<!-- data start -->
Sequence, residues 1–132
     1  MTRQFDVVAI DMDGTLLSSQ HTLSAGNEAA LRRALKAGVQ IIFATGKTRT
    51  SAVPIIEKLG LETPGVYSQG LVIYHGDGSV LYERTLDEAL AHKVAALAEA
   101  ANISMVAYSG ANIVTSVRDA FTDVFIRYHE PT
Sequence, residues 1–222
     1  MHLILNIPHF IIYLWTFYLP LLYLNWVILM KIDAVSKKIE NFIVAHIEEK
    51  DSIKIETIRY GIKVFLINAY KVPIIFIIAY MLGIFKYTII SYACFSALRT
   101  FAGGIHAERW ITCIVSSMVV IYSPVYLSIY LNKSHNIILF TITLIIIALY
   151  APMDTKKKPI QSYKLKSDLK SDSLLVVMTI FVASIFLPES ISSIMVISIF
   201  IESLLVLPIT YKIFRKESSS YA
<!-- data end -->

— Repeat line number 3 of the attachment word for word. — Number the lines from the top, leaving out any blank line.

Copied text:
    51  SAVPIIEKLG LETPGVYSQG LVIYHGDGSV LYERTLDEAL AHKVAALAEA